• SUNCT;
  • unilateral headaches;
  • steroids;
  • carbamazepine

Objective.—To describe the statuslike pattern of SUNCT (short-lasting unilateral neuralgiform pain with conjunctival injection and tearing) in two young women.

Background.—SUNCT syndrome is a rare condition characterized by a short-lasting periocular pain associated with marked autonomic symptoms. Twenty-five cases have been reported in the literature with a high preponderance of males and a mean age of 51 years. The frequency of episodes shows a wide variability, not just among individuals but also in the same patient, and a statuslike pattern of almost continuous attacks has been described.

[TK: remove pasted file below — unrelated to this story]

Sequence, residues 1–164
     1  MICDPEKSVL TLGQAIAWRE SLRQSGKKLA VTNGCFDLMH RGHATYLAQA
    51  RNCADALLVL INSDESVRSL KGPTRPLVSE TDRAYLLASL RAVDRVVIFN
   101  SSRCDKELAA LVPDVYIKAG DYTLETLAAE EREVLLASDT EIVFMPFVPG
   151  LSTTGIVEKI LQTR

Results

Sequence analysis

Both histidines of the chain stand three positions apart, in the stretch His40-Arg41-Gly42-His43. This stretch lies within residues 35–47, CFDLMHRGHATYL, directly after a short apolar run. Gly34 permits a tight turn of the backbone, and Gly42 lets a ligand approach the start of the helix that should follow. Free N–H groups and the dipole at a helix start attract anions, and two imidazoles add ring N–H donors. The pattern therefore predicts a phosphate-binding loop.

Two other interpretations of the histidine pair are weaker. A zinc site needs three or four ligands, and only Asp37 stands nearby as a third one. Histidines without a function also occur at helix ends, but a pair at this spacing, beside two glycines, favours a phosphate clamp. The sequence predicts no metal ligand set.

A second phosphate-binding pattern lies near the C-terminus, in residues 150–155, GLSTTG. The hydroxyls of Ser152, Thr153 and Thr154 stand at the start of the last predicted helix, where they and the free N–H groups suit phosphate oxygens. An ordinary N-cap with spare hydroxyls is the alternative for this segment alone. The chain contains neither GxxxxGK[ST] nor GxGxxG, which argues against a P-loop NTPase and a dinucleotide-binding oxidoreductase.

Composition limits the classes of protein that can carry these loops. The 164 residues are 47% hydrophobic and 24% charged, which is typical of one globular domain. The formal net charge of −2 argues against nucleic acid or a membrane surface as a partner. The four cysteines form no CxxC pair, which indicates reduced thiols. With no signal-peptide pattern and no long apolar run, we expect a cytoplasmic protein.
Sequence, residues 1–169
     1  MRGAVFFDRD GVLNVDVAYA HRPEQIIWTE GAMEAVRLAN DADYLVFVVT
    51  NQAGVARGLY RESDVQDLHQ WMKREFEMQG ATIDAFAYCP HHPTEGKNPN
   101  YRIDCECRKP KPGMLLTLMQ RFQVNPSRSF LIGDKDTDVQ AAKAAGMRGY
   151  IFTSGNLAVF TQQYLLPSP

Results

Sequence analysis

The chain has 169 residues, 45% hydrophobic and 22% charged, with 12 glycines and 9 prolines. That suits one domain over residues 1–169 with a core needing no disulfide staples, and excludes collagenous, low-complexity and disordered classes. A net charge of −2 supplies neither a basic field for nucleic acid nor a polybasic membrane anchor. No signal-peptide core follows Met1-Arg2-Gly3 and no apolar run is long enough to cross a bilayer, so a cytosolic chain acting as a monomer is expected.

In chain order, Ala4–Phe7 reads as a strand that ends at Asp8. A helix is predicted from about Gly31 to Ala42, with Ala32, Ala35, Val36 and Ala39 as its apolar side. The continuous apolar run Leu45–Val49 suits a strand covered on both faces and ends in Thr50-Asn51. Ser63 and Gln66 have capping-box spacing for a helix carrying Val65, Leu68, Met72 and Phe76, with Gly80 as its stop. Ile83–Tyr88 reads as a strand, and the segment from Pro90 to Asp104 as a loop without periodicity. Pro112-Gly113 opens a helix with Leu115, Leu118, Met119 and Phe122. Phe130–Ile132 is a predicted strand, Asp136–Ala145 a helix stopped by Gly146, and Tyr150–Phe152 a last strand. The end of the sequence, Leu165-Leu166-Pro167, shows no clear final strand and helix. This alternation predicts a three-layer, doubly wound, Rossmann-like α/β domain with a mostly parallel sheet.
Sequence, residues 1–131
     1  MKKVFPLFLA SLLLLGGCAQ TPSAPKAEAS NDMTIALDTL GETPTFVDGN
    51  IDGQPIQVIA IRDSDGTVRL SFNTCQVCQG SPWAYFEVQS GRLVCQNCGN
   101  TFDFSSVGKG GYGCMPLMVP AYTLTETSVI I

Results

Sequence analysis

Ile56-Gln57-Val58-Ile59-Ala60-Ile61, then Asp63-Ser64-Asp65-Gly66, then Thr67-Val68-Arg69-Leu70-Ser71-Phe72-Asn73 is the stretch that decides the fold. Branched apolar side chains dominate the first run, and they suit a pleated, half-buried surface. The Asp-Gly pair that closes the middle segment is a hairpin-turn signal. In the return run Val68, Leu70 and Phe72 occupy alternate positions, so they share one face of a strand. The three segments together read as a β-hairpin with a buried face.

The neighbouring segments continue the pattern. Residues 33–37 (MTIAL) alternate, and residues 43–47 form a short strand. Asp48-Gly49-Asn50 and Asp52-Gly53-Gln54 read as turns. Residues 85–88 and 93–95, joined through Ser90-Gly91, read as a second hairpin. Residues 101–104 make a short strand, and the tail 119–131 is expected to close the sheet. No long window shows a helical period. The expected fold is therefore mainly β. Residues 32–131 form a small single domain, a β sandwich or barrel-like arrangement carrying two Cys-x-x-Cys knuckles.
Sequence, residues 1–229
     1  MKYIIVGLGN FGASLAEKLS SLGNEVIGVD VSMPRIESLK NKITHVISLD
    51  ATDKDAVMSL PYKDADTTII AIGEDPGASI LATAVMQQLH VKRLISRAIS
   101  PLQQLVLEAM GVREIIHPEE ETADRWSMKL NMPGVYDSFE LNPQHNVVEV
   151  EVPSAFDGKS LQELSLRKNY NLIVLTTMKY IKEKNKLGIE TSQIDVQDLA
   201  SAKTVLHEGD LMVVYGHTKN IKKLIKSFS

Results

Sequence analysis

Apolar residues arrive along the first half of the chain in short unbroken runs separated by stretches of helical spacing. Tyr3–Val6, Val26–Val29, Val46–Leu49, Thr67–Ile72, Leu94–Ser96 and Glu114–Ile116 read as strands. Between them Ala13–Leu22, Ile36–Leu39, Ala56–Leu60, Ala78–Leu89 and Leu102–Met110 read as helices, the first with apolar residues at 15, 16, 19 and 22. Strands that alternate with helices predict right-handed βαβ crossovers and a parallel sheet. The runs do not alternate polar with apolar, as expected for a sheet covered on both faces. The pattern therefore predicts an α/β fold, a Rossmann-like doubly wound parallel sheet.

Methods.—We report the cases of two young women (aged 26 and 23 years) with typical SUNCT features who suffered bouts of up to 60 paroxysms of pain per hour. Paraclinical investigations showed no abnormalities.

Conclusions.—Although unusual, paroxysms in SUNCT may overlap into a clinical status. A strong relationship with hormonal changes was noted in one patient. In both cases, the pain was refractory to treatment with indomethacin, carbamazepine, and hypnotics, and only intravenous methylprednisolone with oral carbamazepine may have been partially effective in one case.